10.-HFO clusters correlated with seizure onset zones in most patients, suggesting HFOs could predict seizure generating areas without seizures themselves.

11.-Motor cortex HFOs had arbitrary waveforms while seizure onset zone HFOs exhibited stereotyped morphology, a potential biomarker to distinguish pathological events.

12.-Realistic recordings pose challenges with locally corrupted signals generating pseudo-HFOs that can be misidentified as real HFOs.

13.-Sparse signal processing was used to reconstruct candidate HFO events with predefined waveform dictionaries to distinguish real from pseudo-HFOs.

14.-Random forest classifiers using sparse approximation features significantly improved accuracy of identifying real HFOs and the seizure onset zone.

15.-A graphical user interface was developed to annotate HFOs and incorporate the AI tool to assist neurologists' interpretations.

16.-Approximating the entire HFO signal has limitations, so an adaptive sparse local representation approach was developed.

17.-Learned waveform dictionaries were used to represent HFOs in overlapping signal segments, improving robustness to noise in EMU and intraoperative settings.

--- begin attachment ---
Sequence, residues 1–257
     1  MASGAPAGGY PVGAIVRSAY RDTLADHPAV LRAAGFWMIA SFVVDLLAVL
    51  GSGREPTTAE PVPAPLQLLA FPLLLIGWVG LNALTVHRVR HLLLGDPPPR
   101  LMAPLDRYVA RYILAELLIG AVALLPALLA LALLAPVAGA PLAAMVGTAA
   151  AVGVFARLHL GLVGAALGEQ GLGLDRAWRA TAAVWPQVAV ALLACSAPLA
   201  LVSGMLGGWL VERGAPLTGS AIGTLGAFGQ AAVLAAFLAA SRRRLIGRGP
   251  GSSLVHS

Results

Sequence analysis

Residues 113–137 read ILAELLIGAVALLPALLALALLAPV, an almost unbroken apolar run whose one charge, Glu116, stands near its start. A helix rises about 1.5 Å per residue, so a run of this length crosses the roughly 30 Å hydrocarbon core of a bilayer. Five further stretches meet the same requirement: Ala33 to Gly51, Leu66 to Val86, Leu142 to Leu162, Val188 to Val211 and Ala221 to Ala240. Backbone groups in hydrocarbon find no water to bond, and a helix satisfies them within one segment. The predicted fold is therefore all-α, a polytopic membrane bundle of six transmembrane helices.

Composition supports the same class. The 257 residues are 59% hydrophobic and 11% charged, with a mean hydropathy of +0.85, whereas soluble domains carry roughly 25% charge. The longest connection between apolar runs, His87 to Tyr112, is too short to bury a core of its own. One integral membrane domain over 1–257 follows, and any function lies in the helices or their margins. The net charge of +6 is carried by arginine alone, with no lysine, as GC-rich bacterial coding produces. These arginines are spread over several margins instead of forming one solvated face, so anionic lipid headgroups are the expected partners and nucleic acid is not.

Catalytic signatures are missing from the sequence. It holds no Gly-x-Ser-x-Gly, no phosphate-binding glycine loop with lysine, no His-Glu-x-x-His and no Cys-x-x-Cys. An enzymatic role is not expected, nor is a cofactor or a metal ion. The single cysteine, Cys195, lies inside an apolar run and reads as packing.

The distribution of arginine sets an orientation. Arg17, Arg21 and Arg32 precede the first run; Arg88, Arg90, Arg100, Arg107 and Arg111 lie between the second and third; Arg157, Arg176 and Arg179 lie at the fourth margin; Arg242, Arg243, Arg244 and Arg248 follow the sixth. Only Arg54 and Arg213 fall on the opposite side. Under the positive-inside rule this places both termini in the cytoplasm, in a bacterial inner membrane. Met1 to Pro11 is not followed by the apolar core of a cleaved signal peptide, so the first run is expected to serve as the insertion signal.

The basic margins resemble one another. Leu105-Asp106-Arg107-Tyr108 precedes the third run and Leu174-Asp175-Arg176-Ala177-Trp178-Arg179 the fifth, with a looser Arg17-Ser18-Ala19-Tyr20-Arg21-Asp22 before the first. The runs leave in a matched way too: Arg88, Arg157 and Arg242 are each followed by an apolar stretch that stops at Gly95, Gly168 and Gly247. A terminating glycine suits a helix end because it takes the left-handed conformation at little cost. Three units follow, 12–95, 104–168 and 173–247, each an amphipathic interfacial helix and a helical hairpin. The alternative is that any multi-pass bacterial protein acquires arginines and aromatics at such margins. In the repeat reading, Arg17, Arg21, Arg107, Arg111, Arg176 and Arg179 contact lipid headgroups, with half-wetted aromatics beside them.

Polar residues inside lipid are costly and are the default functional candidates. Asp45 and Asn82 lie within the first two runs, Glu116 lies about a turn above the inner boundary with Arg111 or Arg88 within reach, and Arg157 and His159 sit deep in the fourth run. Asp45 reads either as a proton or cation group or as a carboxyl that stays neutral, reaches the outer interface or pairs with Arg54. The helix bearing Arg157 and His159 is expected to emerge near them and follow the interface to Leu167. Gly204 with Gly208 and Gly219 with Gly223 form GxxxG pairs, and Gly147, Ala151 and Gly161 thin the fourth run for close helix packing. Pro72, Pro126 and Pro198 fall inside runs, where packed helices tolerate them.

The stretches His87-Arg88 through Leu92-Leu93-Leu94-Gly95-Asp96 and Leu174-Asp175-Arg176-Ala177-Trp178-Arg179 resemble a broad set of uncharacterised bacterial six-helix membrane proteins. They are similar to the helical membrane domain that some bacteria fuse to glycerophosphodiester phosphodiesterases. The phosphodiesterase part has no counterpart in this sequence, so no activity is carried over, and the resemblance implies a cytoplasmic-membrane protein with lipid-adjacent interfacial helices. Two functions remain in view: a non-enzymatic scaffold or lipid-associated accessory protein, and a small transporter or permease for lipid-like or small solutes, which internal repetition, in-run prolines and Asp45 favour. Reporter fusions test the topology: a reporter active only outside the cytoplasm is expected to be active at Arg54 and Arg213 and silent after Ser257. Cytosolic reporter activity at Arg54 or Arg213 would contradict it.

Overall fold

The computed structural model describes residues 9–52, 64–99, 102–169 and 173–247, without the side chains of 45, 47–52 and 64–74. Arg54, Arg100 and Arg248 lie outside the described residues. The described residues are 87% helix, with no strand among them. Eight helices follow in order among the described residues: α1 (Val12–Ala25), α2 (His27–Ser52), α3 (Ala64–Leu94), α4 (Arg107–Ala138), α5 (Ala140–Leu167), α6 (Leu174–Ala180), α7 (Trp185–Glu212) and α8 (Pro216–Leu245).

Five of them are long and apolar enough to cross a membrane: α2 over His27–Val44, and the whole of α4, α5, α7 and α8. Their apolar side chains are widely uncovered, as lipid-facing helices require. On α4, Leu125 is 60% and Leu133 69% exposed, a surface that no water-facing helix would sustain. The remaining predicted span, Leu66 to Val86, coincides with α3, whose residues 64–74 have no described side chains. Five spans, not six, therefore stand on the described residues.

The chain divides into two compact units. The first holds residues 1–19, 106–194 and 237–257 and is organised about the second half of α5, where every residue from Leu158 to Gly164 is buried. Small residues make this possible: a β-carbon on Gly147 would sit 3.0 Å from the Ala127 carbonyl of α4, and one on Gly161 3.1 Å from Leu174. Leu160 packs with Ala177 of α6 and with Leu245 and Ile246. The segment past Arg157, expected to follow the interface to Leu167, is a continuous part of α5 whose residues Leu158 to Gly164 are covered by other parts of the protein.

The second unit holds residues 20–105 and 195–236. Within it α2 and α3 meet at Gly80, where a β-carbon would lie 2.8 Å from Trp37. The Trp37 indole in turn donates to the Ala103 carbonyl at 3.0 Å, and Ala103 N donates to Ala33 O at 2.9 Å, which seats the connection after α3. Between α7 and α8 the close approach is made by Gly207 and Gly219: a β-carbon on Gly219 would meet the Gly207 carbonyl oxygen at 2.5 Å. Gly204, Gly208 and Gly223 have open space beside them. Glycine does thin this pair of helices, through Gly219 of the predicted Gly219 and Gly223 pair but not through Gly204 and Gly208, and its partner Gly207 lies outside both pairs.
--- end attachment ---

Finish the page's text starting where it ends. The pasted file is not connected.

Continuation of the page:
18.-Intraoperative HFO rates showed no significant difference from EMU rates, suggesting feasibility of earlier seizure onset zone localization.

19.-Denoising eliminated many fast ripple artifacts misidentified as HFOs and improved seizure onset zone localization, especially in noisy intraoperative recordings.

20.-Ranking contacts by denoised HFO rates achieved 95% accuracy localizing the seizure onset zone with the top 1-2 contacts intraoperatively.

21.-Responsive neurostimulation aims to control seizures by stimulating the seizure onset zone when HFO biomarkers are detected by an implant.

22.-A Simulink interface was established to collect intracranial EEG with a wireless brain implant and clinical amplifier for closed-loop stimulation.

23.-The implant had lower signal quality than the clinical amplifier but captured spikes well, and strategies improved wireless data transmission.

24.-The implant is being used to study neuromodulation in and out of seizures with a MATLAB/Simulink platform under development.

25.-The research involved collaborations across institutions including Baylor, Texas Children's, and Mayo Clinic within a new Neural Engineering and Bioelectronics group.

26.-Open source algorithms exist for HFO detection, including from Nuri's lab, that can be adapted for animal models as well.

27.-Deep learning approaches feeding the network segmented signals are of interest and will be explored by an incoming graduate student.

28.-Most data presented was from stereo EEG, with some ECoG collected from brain tumor patients during awake brain mapping.

29.-Postdoc and PhD positions are available in Nuri's labs focusing on neural interfacing, signal processing and machine learning for biomarker discovery.

30.-A collaborative study with Nuri's team used high-density ECoG to map the central sulcus and detect evoked potentials.